19 out of every 20 teenagers are myopic in Japan

New research has shed light on the prevalence of short-sightedness in Japan

Japanese child

New research has highlighted high rates of myopia among Japanese young people.

The study, published in JAMA Ophthalmology, involved 1478 school children in Tokyo, Japan.

The prevalence of short-sightedness was 76.5% among those aged six to 11 and 94.9% among those aged 12 to 14.

The prevalence of high myopia, with an axial length of 26mm or longer, was 15.2% among the older age group.

Researchers highlighted that previous analysis has found a connection between higher amounts of time spent on near-vision tasks and the development of myopia.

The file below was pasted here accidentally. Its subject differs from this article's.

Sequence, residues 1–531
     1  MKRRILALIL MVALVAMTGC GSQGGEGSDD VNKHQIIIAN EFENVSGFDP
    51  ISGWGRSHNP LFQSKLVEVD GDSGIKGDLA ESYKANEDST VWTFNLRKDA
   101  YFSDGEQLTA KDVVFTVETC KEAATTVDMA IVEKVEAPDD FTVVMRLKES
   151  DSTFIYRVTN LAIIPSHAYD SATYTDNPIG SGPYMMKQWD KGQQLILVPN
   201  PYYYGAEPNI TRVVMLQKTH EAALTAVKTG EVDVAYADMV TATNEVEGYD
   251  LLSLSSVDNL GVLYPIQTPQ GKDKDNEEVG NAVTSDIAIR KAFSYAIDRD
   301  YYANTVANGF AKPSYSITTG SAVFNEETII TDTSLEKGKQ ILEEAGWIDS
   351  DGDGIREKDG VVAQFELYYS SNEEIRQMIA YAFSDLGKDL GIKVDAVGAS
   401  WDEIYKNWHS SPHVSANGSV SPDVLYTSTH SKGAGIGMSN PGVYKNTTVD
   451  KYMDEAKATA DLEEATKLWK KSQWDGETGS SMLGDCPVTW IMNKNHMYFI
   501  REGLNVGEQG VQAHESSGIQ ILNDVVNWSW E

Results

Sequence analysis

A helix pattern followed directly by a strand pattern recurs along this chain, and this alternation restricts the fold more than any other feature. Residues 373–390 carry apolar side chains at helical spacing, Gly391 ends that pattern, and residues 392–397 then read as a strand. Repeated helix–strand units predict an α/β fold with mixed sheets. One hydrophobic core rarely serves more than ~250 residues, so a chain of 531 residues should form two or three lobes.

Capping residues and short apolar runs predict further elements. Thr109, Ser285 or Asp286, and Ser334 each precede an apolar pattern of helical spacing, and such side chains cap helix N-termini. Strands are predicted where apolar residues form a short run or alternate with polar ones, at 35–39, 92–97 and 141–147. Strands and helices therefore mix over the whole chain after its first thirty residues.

A link has also been made between time spent outdoors and the suppression of myopia.

The study shows an increase in the prevalence of myopia among Japanese young people when compared to previous research carried out in 1977.

The earlier Japanese study reported that the prevalence of myopia was 12.5% among those aged six to 11 and 37.6% among school children between the ages of 12 and 14.

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